16. Yes, well... This has been one of those threads in which the story has dribbled out. I don't care to speculate about what it's really about. I wish the OP well, but I'm not interested.
  17. I learned an interesting thing that I did not know until this morning. It has to do with a decision by the ASBCA, URS Federal Support Services, Inc., ASBCA 59998, 21-1 BCA ¶ _____, May 27,2020. Here is how Prof. Nash has described the matter in an article to be published next month: Apparently, the ruling was not a matter of first impression. See Boeing Co., ASBCA 37579, 89-2 BCA ¶ 21,992, in which the board said: I have nothing to say about how if at all those rulings apply to Boomer635's tale.
  18. Yes, I have experienced such a mistake. I have no idea what will become of the source selection, neither does anybody else here. It probably depends on the nature of the material that was disclosed to you. Let your imagination run wild. What will be will be. But your company better notify the CO. RIGHT NOW!
  19. What is "PIO"? Are you talking about "order level materials" (OLM)?
  20. @Boomer635Do you want something from the members of this forum? Information? Advice? Or are you just telling us your company's story? If you want information or advice, please tell us what you kind of information or advice you want. Keep in mind that we cannot give you legal advice, but we can offer opinions.
  21. @govt2310: I am not going to do any caselaw research for you. I suggest that you read Formation of Government Contracts, 4th ed., Ch. 1, Basic Principles of Federal Procurement, Sec. II., Contracting Powers. Also see FAR 1.602-1(b). Absent a specific example of the kind of thing you are talking about, that's the best I'm going to do for you.
  22. Go to the GAO Red Book, 4th Ed., 2016 Rev. and read Ch. 2, "The Legal Framework." In order for an agency to hire a contractor to do something it must have congressional authorization and an appropriation. Sometimes the authorization is provided separately and sometimes it is included in the appropriation act.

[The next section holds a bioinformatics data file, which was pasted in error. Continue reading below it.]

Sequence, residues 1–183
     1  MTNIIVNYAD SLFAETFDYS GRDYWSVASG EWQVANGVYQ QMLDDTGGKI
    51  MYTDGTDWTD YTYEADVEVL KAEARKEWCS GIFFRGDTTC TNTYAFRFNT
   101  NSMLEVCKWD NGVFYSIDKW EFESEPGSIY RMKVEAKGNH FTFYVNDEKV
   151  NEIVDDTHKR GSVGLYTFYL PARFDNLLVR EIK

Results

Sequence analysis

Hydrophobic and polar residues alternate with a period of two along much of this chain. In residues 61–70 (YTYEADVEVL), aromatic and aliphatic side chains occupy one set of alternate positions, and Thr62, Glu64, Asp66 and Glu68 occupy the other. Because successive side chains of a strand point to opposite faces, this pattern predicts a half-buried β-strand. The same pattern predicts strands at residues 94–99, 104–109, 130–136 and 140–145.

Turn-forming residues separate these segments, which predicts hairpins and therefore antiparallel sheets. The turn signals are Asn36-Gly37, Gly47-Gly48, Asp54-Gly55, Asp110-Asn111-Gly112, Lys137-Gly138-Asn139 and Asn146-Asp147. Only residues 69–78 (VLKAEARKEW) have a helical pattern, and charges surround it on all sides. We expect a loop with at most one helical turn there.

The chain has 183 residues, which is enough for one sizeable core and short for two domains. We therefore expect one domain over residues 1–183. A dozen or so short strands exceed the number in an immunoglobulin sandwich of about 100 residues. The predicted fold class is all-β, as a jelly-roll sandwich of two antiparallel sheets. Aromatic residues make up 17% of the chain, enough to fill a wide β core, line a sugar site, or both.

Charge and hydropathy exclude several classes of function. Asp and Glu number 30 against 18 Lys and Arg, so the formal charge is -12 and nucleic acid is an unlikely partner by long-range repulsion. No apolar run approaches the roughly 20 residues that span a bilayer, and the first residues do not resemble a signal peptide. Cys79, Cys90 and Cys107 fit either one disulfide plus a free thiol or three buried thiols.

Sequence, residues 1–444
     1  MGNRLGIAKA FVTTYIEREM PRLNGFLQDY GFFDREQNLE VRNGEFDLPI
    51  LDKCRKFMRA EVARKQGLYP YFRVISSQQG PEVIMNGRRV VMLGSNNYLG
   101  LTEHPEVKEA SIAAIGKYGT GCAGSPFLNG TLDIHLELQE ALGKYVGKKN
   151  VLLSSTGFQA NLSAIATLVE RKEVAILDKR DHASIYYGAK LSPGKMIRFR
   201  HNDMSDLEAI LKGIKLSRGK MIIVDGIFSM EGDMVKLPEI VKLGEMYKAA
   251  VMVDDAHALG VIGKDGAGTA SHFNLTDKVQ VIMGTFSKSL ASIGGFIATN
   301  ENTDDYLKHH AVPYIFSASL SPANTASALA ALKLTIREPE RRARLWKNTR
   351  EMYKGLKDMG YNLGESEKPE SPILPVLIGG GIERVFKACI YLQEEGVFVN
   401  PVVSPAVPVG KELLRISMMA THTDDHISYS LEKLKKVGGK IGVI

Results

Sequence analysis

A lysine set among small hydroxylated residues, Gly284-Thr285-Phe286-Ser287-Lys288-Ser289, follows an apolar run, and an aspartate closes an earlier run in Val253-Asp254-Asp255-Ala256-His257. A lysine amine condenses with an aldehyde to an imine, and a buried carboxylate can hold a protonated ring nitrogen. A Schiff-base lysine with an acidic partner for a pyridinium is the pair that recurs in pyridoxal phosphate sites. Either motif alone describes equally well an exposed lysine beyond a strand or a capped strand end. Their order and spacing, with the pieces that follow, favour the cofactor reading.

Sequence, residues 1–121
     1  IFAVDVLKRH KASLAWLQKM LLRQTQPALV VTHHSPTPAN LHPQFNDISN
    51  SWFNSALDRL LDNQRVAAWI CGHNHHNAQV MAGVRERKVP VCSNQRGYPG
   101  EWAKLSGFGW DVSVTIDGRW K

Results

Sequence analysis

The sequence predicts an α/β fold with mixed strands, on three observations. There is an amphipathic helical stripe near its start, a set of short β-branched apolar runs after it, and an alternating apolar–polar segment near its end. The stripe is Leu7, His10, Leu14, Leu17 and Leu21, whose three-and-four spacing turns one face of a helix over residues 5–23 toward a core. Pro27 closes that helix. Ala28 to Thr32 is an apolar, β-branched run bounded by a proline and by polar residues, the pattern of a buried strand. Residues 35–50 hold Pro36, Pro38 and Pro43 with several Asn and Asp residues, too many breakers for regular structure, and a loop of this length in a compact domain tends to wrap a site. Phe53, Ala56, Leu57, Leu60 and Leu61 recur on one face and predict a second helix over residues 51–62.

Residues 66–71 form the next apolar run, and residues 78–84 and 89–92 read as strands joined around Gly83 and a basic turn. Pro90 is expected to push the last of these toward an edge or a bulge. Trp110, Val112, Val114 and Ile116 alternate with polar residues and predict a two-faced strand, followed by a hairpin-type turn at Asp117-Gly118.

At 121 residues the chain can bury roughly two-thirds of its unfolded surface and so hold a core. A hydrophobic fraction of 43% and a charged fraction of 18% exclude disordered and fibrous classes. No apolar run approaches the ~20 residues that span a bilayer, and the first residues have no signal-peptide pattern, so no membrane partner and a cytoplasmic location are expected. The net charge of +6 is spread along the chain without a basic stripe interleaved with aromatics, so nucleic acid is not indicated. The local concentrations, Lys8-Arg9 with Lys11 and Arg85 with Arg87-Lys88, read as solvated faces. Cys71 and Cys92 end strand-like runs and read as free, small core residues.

23. Just brain-storming... Agency prepares a two-page RFP stating only its acquisition objectives, contract type, and evaluation factors. Invites offerors to prepare a proposal that includes (1) a complete proposed government contract, prepared in accordance with applicable rules in FAR and the agency FAR supplement and (2) a statement of the offeror's qualifications (capability, capacity, reliability). Agency allows three months for proposal preparation. Evaluation factors are, in order of importance: (1) legal acceptability of offer nonprice terms (based on statutory and regulatory requirements); (2) likelihood of achievement of government acquisition objectives; (3) price reasonableness; and (4) prospect for achieving mutual assent to contract terms. Agency selects top two offerors for discussions leading to negotiated agreement. Government selects and accepts the "most promising" negotiated agreement based on stated evaluation factors. What are the advantages of this process? Eliminates government time and effort to prepare a complete RFP (and amend it) in accordance with FAR Part 15. All the government needs to prepare is a two-page SOO. Allows offerors maximum freedom to propose technical solutions and technical and nontechnical contract terms; however, mandatory FAR and agency FAR supp. clauses must be included. Forces offerors to do, in addition to technical thinking, FAR and agency FAR supp. homework. (Contract to include a "Christian Doctrine clause.") Government develops a checklist of statutory and regulatory requirements while offerors prepare offers. Uses checklist to determine legal acceptability. Permits and facilitates in-depth one-on-one negotiations with top two contenders. I haven't thought this through completely. A one-time FAR deviation or two may be necessary. I haven't tried to identify any.
  • Create New...